Baby Star Growing Fast through
A 3-Layer Pancake-like Protostellar Disk
Released: 4th July, 2023, Academia Sinica, Institute of Astronomy & Astrophysics (ASIAA), Taiwan
Figure1. The ALMA Map and Model of the HH 211 Protostellar Disk: (a) The map of the disk obtained by ALMA in dust emission. A Solar System size scale is added for the size comparison. (b) A highpass filter was applied to remove the smooth structure of the disk, in order to reveal the 3 linear structures (as marked by 3 dotted lines) perpendicular to the disk axis. (c) A disk model that can reproduce the disk structure. The left and right linear structures can be reproduced by the two warm disk surfaces, while the middle one is produced by the warm spiral arm in the midplane. (d) A face-on view of the disk model to show the full structure of the spiral arms. The spiral arms are trailing with their outer tip pointing in the direction opposite to the disk rotation. Credit: Lee et al.
The Atacama Large Millimeter/submillimeter Array (ALMA), an international astronomy facility, is a partnership of the European Organization for Astronomical Research in the Southern Hemisphere (ESO), the U.S. National Science Foundation (NSF) and the National Institutes of Natural Sciences (NINS) of Japan in cooperation with the Republic of Chile. ALMA is funded by ESO on behalf of its Member States, by NSF in cooperation with the National Research Council of Canada (NRC) and the National Science and Technology Council of Taiwan (NSTC), and by NINS in cooperation with the Academia Sinica (AS) in Taiwan and the Korea Astronomy and Space Science Institute (KASI).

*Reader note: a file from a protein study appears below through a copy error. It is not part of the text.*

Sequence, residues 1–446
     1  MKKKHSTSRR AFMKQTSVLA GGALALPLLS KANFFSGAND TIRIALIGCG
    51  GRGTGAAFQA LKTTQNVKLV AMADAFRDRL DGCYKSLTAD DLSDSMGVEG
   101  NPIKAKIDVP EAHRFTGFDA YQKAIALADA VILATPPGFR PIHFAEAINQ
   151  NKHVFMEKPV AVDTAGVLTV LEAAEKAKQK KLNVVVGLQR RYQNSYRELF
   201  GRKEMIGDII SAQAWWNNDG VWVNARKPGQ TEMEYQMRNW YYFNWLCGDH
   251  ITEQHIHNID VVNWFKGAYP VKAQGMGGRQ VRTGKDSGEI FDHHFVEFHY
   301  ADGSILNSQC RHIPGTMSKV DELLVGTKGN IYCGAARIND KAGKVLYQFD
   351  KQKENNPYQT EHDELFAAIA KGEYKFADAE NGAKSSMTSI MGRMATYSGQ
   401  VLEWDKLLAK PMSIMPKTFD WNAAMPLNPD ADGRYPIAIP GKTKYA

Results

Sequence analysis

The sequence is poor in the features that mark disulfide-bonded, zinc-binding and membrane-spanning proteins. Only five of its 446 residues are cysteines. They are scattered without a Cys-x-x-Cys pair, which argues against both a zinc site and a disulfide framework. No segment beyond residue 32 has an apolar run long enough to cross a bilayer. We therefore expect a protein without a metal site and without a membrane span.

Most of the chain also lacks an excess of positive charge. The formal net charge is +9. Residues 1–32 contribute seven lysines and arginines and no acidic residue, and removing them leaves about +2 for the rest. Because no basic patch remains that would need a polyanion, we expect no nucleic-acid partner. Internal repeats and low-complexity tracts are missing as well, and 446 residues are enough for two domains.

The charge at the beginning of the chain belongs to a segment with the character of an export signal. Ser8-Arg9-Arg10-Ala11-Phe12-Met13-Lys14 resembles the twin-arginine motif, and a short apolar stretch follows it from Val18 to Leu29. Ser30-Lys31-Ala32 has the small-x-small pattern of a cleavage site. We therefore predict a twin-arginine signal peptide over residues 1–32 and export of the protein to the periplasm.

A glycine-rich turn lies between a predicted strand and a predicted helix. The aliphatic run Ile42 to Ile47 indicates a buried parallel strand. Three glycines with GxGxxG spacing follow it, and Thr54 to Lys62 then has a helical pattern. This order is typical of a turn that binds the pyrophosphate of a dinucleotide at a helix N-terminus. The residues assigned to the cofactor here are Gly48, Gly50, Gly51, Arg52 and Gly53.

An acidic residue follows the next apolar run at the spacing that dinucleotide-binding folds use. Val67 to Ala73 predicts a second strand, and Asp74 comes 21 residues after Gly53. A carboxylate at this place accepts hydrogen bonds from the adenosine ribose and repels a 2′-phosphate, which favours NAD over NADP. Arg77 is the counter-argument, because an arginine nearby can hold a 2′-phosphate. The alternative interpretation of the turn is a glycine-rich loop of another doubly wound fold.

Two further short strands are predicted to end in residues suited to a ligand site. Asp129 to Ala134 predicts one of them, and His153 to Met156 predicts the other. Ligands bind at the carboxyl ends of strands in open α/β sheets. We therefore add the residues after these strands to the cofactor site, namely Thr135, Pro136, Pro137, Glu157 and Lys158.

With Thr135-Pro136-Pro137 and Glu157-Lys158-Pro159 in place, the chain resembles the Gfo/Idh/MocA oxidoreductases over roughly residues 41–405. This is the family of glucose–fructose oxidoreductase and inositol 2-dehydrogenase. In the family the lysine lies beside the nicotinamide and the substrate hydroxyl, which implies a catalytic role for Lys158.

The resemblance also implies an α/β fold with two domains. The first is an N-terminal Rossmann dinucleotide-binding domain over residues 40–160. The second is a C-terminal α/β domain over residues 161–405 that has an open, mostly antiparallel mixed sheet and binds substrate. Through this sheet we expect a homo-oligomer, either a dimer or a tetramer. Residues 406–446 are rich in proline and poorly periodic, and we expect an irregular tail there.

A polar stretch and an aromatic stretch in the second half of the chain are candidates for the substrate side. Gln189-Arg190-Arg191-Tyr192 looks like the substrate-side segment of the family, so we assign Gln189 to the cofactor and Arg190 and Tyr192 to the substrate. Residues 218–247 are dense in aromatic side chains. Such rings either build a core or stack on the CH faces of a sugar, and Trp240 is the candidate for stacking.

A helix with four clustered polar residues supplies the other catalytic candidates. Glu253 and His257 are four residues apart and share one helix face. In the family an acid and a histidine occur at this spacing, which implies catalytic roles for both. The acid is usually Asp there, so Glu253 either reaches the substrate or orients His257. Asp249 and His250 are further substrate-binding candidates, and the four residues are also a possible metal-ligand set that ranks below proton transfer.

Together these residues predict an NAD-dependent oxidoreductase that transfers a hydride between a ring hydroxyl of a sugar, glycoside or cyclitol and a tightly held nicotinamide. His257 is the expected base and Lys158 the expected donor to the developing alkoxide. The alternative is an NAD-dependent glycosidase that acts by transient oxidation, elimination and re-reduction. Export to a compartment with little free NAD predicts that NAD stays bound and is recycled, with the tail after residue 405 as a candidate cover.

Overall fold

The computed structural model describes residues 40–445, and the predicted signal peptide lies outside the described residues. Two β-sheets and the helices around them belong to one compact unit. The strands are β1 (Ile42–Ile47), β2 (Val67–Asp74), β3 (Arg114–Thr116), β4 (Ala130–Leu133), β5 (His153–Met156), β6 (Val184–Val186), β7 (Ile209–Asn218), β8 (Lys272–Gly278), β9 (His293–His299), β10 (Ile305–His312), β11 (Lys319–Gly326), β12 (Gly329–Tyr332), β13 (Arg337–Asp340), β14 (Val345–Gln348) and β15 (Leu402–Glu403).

ALMA construction and operations are led by ESO on behalf of its Member States; by the National Radio Astronomy Observatory (NRAO), managed by Associated Universities, Inc. (AUI), on behalf of North America; and by the National Astronomical Observatory of Japan (NAOJ) on behalf of East Asia. The Joint ALMA Observatory (JAO) provides the unified leadership and management of the construction, commissioning and operation of ALMA.
This research was presented in a paper “First Detection of A Linear Structure in the Midplane of the Young HH 211 Protostellar Disk: A Spiral Arm?” by Lee et al. appeared in Astrophysical Journal Letters.
The team is composed of Chin-Fei Lee (ASIAA, Taiwan; National Taiwan University, Taiwan), Kai-Syun Jhan (ASIAA, Taiwan; National Taiwan University, Taiwan) and Anthony Moraghan (ASIAA, Taiwan)
Dr. Chin-Fei Lee, Email: firstname.lastname@example.org, Tel: +886 2 2366 5445